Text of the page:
Mokyr has written an excellent, well-structured book about a relevant topic. He is knowledgeable, open-minded, always nuanced and fair in his judgments. On top of that he writes well. His cultural analysis will – nevertheless – certainly be criticized by more hard-nosed economists like Gregory Clark as being ‘casual’ and producing results that cannot be tested ‘empirically’. Such critique is unfair and exaggerated and makes one wonder how one could tackle Mokyr’s topic less ‘casually’ and more ‘empirically’.9 Deirdre McCloskey, in contrast, applauds Mokyr’s cultural turn but claims he ‘… has not studied rhetoric with any seriousness, or cultural anthropology or literary criticism – all rubbish he is quite certain.’10 I can only hope Mokyr stays clear of both extremes. Most economists will be happy to see that Mokyr is a firm believer in the market. For him the transition to the free market is a necessary precondition for economic growth to become ‘the norm rather than the exception.’11 I personally think that economic theory as well as economic history show that he is far too optimistic here.12 But apart from that, my points of critique are too much matters of detail to be discussed in an review like this.

Where do we go from here? Mokyr’s book is about the origins of a culture of growth and the modern growth economy. It inevitably makes us think about their future. According to several scholars that future looks rather bleak. Talk about ‘the great stagnation’ ‘secular stagnation’ or ‘the fall of growth’ is rife.13 There are many aspects to this phenomenon. Here I only deal with the thesis that growth-promoting innovations are becoming increasingly scarce. In any case when it comes to technological development Mokyr, who is very actively involved in the debates about ‘the end of growth’, is not a ‘stagnationist’ as he recently declared in an interview: ‘I take a very optimistic view. I think if you want to summarize the future of technology, the short summary is, You ain’t seen nothing yet.’14 I personally would be somewhat less optimist, at least when it comes to the broader subject of the future of (the culture of) economic growth. To some extent that is on the basis of Mokyr’s own analysis. Science will undoubtedly continue to ‘progress’. Scientific research has become too big and too competitive an enterprise to expect otherwise, even when it may have become less open. I also see no reason to expect that technological progress as such will disappear or even slow down. But that does not mean that the same would apply to (the culture of) economic growth. I can easily imagine a future of innovation that destroys more jobs – and incomes – than it creates with potentially disastrous consequences for economic growth. By far the majority of people in the West now work in services. The effects of innovations in that sector on economic growth have always been much less impressive – to put it mildly – than in industry or agriculture.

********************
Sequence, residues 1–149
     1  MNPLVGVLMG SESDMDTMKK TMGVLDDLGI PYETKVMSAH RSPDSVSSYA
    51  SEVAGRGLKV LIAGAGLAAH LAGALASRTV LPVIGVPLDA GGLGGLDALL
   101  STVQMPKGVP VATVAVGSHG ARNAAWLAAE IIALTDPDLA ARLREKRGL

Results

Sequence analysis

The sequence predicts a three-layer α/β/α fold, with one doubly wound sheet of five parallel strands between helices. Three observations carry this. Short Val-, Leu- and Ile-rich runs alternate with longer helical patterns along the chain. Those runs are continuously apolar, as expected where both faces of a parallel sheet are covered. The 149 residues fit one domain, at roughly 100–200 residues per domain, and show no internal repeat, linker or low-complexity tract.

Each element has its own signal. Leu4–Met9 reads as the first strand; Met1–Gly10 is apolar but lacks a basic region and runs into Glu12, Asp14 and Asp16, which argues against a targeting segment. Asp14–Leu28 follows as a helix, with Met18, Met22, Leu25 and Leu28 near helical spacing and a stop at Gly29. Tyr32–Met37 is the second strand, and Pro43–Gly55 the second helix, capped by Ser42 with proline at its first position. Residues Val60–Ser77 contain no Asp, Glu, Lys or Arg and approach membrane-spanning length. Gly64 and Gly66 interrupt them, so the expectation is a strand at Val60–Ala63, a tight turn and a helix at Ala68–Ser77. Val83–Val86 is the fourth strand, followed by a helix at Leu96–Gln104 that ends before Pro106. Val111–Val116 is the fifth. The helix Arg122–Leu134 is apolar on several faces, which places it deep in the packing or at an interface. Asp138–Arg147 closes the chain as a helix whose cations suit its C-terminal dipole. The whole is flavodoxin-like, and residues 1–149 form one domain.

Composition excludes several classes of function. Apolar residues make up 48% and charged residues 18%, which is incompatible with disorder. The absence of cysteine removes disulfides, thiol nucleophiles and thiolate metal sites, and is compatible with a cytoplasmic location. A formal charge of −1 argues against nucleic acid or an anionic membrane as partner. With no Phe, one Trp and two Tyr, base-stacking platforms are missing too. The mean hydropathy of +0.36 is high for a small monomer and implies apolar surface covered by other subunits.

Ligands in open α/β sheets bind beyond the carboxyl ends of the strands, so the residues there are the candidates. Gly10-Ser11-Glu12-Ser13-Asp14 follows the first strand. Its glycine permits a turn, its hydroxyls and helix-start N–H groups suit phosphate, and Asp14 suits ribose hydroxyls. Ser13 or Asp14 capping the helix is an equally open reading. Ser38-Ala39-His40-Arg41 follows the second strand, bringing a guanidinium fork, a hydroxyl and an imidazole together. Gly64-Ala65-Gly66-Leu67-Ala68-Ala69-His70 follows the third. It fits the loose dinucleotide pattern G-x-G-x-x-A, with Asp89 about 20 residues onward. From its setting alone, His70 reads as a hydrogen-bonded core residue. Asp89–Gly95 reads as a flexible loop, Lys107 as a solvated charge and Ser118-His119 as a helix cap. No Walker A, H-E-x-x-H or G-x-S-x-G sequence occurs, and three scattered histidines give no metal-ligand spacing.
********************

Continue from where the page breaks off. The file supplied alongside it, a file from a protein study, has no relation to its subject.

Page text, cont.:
Serious doubts are in order when it comes to the core idea of the Enlightenment as Mokyr sees it, the idea of progress. That idea in the last instance was based on the assumption that consensus is possible about what counts as knowledge and how to acquire it. I cannot help thinking that in our postmodern age in the West this consensus has disappeared. As undoubtedly has the idea of progress, in this respect and more in general. The idea of expertise that was so prominent in enlightened thinking is certainly past its prime. Increasingly being known as an ‘expert’, ‘professor’ or ‘journalist’ is bad for one’s credibility. It has become fashionable to not believe in science. Education played a central role in enlightenment thinking. Knowledge was considered good as it could be used to create a better world. So the more it could be spread the better. Here serious doubts have emerged whether there is still much undiscovered, low-hanging educational fruit and whether not a lot of theoretical knowledge is quite useless in strictly economic terms.15 Mokyr with good reason points at the fundamental role of mass media in spreading knowledge in early modern Europe. The modern mass media, including Internet and the so-called social media, spread ‘information’ in unprecedented amounts. But to what extent do they actually contribute to the growth and spread of knowledge as it was defined during the Enlightenment? Finally, Mokyr emphasizes the crucial importance for a culture of growth and progress of an institutional setting guaranteeing equality and freedom. Does that setting still exist? In the Western world inequality has reached dangerous levels and anti-Enlightenment authoritarianism is on the rise. Should that not dampen optimism about the future of the culture of growth?

At the end of his book Mokyr writes, ‘The question that will inevitably be raised is whether the Enlightenment in Europe was a necessary or sufficient condition for the great breakthroughs that led to economic growth and the modern economy.’ (page 340) He considers it highly unlikely that modern economic growth could have come into existence without the Enlightenment and its preconditions, as they existed in the West. So we may consider it a necessary condition. The question whether it was a sufficient condition is not really dealt with subsequently. I consider that highly unlikely. But there can be no doubt about the huge importance of culture for the emergence of modern economies. It has nevertheless been ignored far too often in debates about the origins of the Great Divergence. Someone certainly needed to write a book like this. I cannot think of a better author than Joel Mokyr.

About the author

Till October 2016 Peer Vries was professor of global economic history at Vienna University. Currently he is honorary fellow at the International Institute of Social History in Amsterdam. His main field of interest is the Great Divergence. His most recent major publications are: Escaping poverty. The origins of modern economic growth (2013) and State, economy and the Great Divergence. Great Britain and China, 1680s-1850s (2015).

E-mail: peer.vries@univie.ac.at